Changes to the ‘basis period’ rules may accelerate tax payments for the self-employed

Published by Daniel Grainge on 27 October 2021

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Following a consultation over the summer, the Government has announced a change to the way in which taxable profits for the self-employed (including individuals who are members of partnerships) are to be calculated.

Under current rules, it is generally the profits from an accounting year, that end in the tax year are taxed. For example, if a business has a 31 May year end, the profits for the year ended 31 May 2021 will be taxed in the tax year ending 5 April 2022.

With effect from 2024/25, these rules will be changed so that the profits for the tax year are taxed in the tax year, as if the accounts were for the year ended 31 March/5 April.

The transition to the new basis will happen in the 2023/24 tax year, with all business’ basis periods being aligned to the tax year, and relief being given for any ‘overlap profits’ (profits taxed twice) when the trade started, the individual became a partner, or the year end changed.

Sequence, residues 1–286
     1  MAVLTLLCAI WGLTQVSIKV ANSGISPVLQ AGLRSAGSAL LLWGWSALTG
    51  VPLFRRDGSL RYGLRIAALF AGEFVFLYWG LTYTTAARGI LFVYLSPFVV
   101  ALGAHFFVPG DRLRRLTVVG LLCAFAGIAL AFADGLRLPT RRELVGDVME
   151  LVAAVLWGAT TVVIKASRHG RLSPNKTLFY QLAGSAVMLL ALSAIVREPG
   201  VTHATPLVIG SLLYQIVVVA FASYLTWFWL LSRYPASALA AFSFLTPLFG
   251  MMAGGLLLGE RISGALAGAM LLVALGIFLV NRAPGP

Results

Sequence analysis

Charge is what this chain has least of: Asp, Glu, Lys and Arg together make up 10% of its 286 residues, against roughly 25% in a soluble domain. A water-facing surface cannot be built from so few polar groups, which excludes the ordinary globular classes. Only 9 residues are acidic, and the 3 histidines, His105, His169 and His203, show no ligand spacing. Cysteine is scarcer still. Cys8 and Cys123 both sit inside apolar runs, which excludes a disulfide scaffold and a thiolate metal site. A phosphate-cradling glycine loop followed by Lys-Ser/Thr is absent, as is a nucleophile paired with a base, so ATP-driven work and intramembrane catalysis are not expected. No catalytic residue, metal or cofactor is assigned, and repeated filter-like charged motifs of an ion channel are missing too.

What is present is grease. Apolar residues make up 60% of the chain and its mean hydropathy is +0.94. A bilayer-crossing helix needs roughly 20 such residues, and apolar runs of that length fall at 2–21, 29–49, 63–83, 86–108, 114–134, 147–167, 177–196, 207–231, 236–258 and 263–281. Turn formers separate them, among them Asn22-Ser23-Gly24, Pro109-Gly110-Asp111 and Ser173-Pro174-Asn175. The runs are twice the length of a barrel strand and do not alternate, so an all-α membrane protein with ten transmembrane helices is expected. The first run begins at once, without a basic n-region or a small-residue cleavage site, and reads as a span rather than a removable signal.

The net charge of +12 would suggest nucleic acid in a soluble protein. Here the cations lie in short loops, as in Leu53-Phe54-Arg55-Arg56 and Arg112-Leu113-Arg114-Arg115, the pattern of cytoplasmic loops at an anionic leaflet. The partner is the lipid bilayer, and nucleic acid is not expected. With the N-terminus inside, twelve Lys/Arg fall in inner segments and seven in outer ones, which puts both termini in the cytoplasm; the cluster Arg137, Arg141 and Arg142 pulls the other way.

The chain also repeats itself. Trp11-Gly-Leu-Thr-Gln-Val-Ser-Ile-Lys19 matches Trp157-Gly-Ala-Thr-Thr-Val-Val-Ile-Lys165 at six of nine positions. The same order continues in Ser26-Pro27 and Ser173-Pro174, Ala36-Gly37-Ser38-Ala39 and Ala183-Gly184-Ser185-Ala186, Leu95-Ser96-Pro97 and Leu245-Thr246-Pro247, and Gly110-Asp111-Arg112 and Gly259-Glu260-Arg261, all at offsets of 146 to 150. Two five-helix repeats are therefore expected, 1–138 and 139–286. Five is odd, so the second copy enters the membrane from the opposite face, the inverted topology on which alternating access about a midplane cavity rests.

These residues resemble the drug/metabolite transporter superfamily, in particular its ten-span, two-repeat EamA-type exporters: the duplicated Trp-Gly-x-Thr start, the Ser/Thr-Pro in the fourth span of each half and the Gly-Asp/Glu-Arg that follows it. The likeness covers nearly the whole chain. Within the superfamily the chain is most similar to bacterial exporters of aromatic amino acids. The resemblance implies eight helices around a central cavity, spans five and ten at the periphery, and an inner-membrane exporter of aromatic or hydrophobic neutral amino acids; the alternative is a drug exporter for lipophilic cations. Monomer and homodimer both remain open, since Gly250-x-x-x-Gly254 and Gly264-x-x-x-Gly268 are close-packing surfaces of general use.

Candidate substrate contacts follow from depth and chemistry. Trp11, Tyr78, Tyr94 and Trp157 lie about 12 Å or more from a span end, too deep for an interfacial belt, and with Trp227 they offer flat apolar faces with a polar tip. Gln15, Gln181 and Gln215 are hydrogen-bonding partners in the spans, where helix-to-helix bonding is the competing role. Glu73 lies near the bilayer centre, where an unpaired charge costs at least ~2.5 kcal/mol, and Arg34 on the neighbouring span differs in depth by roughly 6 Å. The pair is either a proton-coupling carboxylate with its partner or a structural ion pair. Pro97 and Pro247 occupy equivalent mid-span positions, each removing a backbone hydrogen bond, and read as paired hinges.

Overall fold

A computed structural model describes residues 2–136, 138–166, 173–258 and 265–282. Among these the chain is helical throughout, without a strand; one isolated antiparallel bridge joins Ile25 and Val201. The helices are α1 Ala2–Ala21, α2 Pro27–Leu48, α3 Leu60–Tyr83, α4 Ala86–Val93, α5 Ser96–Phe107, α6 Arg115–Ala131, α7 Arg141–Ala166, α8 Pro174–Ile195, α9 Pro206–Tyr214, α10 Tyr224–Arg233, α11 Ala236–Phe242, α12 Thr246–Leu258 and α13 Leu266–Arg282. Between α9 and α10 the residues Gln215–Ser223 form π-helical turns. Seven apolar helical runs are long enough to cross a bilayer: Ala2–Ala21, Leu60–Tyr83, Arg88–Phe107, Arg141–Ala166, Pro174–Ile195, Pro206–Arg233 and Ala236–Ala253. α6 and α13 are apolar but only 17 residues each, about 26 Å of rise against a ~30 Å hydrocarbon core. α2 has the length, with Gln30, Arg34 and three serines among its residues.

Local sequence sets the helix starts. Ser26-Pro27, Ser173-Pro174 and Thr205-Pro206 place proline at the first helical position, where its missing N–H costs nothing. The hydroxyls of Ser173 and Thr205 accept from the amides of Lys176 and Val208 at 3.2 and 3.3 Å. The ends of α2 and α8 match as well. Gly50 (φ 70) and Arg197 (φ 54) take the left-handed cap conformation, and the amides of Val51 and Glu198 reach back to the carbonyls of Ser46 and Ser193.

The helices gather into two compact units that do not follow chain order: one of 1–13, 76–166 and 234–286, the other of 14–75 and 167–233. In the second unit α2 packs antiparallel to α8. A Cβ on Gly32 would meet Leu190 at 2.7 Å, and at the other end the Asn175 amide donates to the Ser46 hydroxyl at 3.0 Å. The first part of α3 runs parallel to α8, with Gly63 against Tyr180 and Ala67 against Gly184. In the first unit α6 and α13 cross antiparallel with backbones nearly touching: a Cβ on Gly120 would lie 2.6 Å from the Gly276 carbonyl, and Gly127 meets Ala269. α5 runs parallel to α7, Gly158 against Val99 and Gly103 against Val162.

For a business with a 31 May year end, the taxable profits for the 2023/24 tax year will be:

1. Taxable profits for the year ended 31 May 2023

2. Plus: Taxable profits for the 10 months to 31 March 2024

3. Less: All overlap profits brought forward

For many taxpayers, taxable profits, and therefore tax payments, will be accelerated. The Government recognises this, and where there are higher profits in 2023/24 because of the change, the additional profits will be spread over a 5-year period, to smooth the effect.

Whilst the Government state “the reform aims to create a simpler, fairer and more transparent set of rules for the allocation of trading income to tax years” it must, in large part, be linked to the introduction of Making Tax Digital and making it easier for data to be reported, collected, and interrogated by HMRC.

If you would like to understand how the changes to these rules could affect you, please contact us.

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